“So much for ‘I love you too much to let you annoy me,’ I finally write, quoting you hoping to trigger your memory of the traumatically sensitive soul you had stopped talking to and affirmed all these years.
“You weren’t ‘annoying’ me.’” It isn’t signed at all.
October 9, 2017
“Hard” is a finalist in a poetry contest about disability.
I write the first draft of this essay, end it with: “In February of 2016, I write you a short story as a way to thank you. I’d like to see how it ends but I can’t find it. I don’t remember the title.”
November 10, 11 and 12, 2017
I have a series of alarming dreams, the first two of which I don’t remember in great detail. The third is about your daughter.
November 12, 2017, 7:32am
“Papa A. – please forgive the salutation if it’s presumptuous,” I begin. “I’ve had some dreams and, though this is not a demand that you tell me anything, I want you to know that I miss you terribly and I’m praying.”
November 12, 2017, 8:56am
“I am overjoyed to receive your note,” your reply begins, “And I hope this email exchange can mark the resumption of a friendship which has always been inestimably precious to me, even in these past months of “radio silence.” Be assured that I do not take your “salutation” as presumptuous in the least. On the contrary, it comes as a great blessing and encouragement to me, and a very timely one. There is so much to say, and the reason I don’t have time to say it here will become clear below.”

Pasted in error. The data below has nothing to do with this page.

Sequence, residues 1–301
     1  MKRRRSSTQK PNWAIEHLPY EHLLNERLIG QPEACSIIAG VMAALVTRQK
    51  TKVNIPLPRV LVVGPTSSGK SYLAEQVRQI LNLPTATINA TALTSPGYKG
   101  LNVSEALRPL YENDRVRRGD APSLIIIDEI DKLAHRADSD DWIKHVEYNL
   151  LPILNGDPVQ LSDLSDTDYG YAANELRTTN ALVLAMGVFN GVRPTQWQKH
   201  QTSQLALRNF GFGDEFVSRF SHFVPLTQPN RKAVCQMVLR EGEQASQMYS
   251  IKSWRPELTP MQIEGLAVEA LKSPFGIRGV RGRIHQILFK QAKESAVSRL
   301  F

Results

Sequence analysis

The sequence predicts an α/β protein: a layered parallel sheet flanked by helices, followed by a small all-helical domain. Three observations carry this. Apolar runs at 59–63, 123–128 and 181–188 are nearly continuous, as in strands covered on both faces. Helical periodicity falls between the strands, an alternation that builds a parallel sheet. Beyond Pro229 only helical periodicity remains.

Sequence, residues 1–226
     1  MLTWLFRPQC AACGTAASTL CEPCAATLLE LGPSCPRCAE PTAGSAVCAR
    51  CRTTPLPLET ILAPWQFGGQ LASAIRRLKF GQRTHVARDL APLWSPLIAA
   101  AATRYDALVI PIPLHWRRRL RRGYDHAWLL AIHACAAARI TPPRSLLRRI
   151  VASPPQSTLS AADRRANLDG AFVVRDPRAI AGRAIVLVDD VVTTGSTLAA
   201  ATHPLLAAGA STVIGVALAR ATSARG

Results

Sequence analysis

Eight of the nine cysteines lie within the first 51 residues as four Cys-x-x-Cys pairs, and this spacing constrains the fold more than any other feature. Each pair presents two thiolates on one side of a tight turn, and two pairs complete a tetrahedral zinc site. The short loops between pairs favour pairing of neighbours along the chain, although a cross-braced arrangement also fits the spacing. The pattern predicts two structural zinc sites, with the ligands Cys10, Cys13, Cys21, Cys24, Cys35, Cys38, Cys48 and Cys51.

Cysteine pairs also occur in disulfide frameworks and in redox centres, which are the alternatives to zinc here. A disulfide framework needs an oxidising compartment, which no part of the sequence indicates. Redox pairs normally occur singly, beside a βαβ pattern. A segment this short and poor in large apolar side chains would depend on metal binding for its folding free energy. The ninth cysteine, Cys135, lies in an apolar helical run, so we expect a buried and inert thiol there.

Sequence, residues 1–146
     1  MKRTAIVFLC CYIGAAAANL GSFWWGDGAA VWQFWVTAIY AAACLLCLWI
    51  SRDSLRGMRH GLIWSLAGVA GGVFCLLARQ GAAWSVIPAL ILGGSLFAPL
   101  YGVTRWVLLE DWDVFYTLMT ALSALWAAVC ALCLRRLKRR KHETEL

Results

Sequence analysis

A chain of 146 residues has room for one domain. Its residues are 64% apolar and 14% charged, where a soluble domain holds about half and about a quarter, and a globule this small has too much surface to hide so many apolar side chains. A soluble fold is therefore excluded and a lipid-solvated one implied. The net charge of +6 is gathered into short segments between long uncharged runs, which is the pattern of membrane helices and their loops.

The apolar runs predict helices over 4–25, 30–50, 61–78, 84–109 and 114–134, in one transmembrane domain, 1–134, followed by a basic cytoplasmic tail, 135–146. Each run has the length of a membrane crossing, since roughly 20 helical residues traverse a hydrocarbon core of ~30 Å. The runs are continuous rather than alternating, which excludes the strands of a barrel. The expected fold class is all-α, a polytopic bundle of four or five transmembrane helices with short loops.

You didn’t take my side in my marital issues (and thought that was the reason for my anger) and, when I continued my rage at you after apologizing for saying too much, you were, understandably, “more than a little hurt. If speaking what I believed to be the truth was hurtful, and if apologizing for having hurt you was itself hurtful (or at least not helpful), how was I to proceed?”
So you essentially chose “therapeutic silence.” Indiscriminate rage is unhelpful, so while the silent treatment can itself be rage-inducing and petulant and risks being passive aggressive, you were hoping that “if [your] words couldn’t get you to consider the maladaptiveness of [my] seemingly generalized rage, perhaps [your] abstaining from words might.”
So I was wrong about The Line; you just had no way of knowing when or how to rekindle our friendship, but you never considered it to be over. You were “trusting that, beneath [my] rage, [my] inexhaustible font of love and wisdom—which always has a way of re-asserting itself—would eventually bid [me] to make the move that [you] couldn’t. And now [I] have! God be praised!” In other words, you were waiting for me to grow up. You respected me enough to treat me like the adult you knew I was as opposed to the child I was being. You sign: “Your loving Papa A.” This is the best way ever to teach theology.